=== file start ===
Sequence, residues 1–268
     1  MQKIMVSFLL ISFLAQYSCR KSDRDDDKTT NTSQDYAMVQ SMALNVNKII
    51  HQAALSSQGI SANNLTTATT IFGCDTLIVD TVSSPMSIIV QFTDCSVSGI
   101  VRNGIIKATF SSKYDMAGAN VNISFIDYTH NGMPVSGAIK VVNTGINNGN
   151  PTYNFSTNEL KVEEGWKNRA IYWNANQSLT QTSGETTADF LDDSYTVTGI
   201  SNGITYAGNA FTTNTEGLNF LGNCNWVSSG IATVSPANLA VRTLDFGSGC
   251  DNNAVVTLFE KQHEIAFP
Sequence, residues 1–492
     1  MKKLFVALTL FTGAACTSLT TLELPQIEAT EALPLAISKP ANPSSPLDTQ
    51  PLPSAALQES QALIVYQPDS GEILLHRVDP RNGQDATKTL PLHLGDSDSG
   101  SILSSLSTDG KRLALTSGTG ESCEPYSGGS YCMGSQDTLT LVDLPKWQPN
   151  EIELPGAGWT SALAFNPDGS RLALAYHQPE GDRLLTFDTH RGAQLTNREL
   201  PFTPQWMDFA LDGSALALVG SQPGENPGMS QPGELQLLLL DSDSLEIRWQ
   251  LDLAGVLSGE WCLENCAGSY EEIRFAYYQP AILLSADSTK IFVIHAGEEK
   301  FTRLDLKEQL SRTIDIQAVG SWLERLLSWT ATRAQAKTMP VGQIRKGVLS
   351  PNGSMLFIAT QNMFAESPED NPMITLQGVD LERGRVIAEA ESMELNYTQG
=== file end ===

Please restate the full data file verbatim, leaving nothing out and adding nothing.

Sequence, residues 1–268
     1  MQKIMVSFLL ISFLAQYSCR KSDRDDDKTT NTSQDYAMVQ SMALNVNKII
    51  HQAALSSQGI SANNLTTATT IFGCDTLIVD TVSSPMSIIV QFTDCSVSGI
   101  VRNGIIKATF SSKYDMAGAN VNISFIDYTH NGMPVSGAIK VVNTGINNGN
   151  PTYNFSTNEL KVEEGWKNRA IYWNANQSLT QTSGETTADF LDDSYTVTGI
   201  SNGITYAGNA FTTNTEGLNF LGNCNWVSSG IATVSPANLA VRTLDFGSGC
   251  DNNAVVTLFE KQHEIAFP
Sequence, residues 1–492
     1  MKKLFVALTL FTGAACTSLT TLELPQIEAT EALPLAISKP ANPSSPLDTQ
    51  PLPSAALQES QALIVYQPDS GEILLHRVDP RNGQDATKTL PLHLGDSDSG
   101  SILSSLSTDG KRLALTSGTG ESCEPYSGGS YCMGSQDTLT LVDLPKWQPN
   151  EIELPGAGWT SALAFNPDGS RLALAYHQPE GDRLLTFDTH RGAQLTNREL
   201  PFTPQWMDFA LDGSALALVG SQPGENPGMS QPGELQLLLL DSDSLEIRWQ
   251  LDLAGVLSGE WCLENCAGSY EEIRFAYYQP AILLSADSTK IFVIHAGEEK
   301  FTRLDLKEQL SRTIDIQAVG SWLERLLSWT ATRAQAKTMP VGQIRKGVLS
   351  PNGSMLFIAT QNMFAESPED NPMITLQGVD LERGRVIAEA ESMELNYTQG